Formal evaluation of a tobacco-free campus initiative is an ongoing activity that is necessary to assess whether the initiative has achieved its objective and what tangible outcomes it has had. The evaluation can also identify ways to improve the initiative. Management input can be as valuable in this phase as it is in your initial assessment and planning phases.
Conducting the Evaluation
Begin planning early to ensure that the data you want will be collected during all stages of the initiative. Develop a plan for evaluating the implementation and impact of the policy initiative, including the impact of the expanded cessation services. Remember to keep it fairly simple to assure that the evaluation will be conducted.
Below are some sample questions that will help you develop your evaluation design:
- What information does management want? How does management define success?
- Are employees aware of the new policy and available tobacco cessation services? Are employees who use these services satisfied with the support received?
- Are employees satisfied with how the policy is being enforced?
- What information is needed to determine whether you have achieved the project goals and objectives?
- How will this information be gathered? Are data collection instruments needed (e.g., employee survey)?
- Who needs to be involved? Who will collect the data? Who will analyze the data? Who will be responsible for tracking and compiling employee questions and comments?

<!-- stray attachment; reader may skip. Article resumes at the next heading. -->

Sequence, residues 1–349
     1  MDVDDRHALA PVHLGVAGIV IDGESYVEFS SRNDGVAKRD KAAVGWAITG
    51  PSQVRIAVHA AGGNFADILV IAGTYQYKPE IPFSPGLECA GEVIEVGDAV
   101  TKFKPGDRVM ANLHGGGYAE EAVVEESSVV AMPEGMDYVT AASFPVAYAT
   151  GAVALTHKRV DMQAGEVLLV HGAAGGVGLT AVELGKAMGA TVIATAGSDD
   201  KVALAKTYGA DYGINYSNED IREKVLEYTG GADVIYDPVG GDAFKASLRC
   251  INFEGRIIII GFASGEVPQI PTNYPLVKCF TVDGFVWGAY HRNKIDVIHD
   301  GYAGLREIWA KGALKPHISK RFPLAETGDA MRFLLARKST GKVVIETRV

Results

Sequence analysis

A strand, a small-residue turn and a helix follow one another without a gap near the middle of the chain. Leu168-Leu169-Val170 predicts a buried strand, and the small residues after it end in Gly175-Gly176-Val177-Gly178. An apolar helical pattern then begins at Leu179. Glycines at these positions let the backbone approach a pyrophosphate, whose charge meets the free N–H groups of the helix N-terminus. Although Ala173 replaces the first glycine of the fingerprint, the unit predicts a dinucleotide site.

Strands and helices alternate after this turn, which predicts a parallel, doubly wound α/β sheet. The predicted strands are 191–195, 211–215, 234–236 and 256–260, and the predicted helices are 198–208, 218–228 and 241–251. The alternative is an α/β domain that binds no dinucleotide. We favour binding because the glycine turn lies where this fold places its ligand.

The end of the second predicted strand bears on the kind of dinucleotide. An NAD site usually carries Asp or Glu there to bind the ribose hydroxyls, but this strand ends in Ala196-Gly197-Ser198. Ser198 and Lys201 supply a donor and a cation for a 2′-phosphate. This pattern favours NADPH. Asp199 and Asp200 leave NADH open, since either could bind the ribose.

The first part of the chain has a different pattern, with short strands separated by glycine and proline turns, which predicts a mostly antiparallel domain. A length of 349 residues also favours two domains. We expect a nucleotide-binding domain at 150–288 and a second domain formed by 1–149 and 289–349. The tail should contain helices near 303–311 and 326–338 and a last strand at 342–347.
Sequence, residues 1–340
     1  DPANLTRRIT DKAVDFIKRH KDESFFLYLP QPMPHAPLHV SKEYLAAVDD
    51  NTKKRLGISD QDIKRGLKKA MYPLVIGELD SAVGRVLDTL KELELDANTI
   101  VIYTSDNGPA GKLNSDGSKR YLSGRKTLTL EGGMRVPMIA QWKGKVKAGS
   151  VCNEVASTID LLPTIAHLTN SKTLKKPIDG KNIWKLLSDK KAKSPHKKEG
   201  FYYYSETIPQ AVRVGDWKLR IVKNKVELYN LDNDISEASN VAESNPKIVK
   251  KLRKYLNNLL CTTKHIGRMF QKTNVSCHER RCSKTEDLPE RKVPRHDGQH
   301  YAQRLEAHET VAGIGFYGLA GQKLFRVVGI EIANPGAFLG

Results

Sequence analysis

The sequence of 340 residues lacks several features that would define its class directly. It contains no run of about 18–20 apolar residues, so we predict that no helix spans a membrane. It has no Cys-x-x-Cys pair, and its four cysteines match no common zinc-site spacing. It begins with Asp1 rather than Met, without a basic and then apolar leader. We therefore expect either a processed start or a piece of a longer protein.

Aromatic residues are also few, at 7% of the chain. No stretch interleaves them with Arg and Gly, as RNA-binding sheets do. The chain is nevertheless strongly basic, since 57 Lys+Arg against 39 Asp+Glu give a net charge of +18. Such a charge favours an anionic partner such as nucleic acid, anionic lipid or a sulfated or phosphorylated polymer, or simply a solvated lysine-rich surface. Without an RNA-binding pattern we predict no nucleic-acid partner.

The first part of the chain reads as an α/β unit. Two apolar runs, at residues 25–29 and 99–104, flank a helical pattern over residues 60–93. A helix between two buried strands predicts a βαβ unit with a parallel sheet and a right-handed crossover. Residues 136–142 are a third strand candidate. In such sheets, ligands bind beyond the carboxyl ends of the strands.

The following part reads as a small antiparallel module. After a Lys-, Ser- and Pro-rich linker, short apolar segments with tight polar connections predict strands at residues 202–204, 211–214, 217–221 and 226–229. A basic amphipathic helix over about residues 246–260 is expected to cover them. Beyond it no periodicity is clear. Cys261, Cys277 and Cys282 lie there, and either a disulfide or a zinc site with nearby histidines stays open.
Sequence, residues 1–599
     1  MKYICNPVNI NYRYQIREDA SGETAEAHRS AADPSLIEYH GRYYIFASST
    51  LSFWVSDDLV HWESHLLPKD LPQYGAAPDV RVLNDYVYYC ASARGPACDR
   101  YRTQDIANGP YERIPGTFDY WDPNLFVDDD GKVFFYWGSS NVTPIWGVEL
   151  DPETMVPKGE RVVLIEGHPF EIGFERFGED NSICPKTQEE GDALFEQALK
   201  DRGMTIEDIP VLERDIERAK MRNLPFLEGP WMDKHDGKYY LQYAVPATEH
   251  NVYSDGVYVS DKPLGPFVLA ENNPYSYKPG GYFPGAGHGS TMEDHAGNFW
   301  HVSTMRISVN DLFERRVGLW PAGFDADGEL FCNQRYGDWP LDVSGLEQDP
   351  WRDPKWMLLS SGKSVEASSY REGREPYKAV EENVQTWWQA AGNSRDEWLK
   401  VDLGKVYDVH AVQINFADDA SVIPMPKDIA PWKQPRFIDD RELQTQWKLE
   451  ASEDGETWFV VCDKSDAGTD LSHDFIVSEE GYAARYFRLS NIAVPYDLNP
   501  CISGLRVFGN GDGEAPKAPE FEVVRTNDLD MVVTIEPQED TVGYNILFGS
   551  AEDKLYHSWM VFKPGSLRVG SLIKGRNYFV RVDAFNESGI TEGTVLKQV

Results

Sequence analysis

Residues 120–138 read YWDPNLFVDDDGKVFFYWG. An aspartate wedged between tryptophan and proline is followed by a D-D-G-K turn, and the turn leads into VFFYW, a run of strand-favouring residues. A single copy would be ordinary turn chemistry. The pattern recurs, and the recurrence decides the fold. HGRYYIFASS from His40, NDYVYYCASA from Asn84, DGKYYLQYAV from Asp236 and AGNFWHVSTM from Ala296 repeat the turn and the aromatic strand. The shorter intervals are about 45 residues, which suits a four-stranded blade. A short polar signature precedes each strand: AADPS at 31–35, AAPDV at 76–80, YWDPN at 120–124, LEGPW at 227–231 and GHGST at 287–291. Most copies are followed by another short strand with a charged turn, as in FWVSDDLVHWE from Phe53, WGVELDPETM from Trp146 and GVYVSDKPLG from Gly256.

- When should key tasks be completed?
- How long will the information be kept and how will the security of the data be ensured?
- How will evaluation data be reported?
Consider conducting a pre- and post-implementation employee survey to assess awareness and knowledge of the policy and available tobacco use cessation services. Before collecting employee input, obtain guidance from appropriate agency experts to help determine what approvals are needed. For example, federal agencies are subject to Office of Management and Budget (OMB) regulations and will experience a long lead time if OMB approval is needed. Similarly, if your assessment is part of a research project, check with the appropriate institutional review board (IRB) to determine whether IRB approval is needed. Each agency or company should work with its own internal policy and legal staff to develop appropriate guidelines and procedures for gathering employee input.
To measure the extent and effectiveness of TFC policy enforcement, track the number of employees and visitors who are reported using tobacco on campus on a monthly basis. This can be determined by the number of "health tickets" distributed each month, if you choose to use that communication strategy.
In addition, consider evaluating quit rates after six months among those who have received tobacco use cessation services through the employee health services. For example, track how many employees have
- Called or come in for assistance
- Visited the TFC Web site
- Tried to quit
- Received medications
- Received a second round of medications
- Succeeded in quitting for at least three months
Report evaluation results to the planning team and top management.
After you have completed the initial evaluation of your TFC initiative, consider conducting periodic follow-up assessments to determine whether the initiative is continuing to be implemented as planned and to identify necessary modifications.
Other Helpful Information
- HWI’s Evaluation Information
- Introduction to Program Evaluation for Comprehensive Tobacco Control Programs
- Key Outcome Indicators for Evaluating Comprehensive Tobacco Control Programs
- Office of Management and Budget Regulations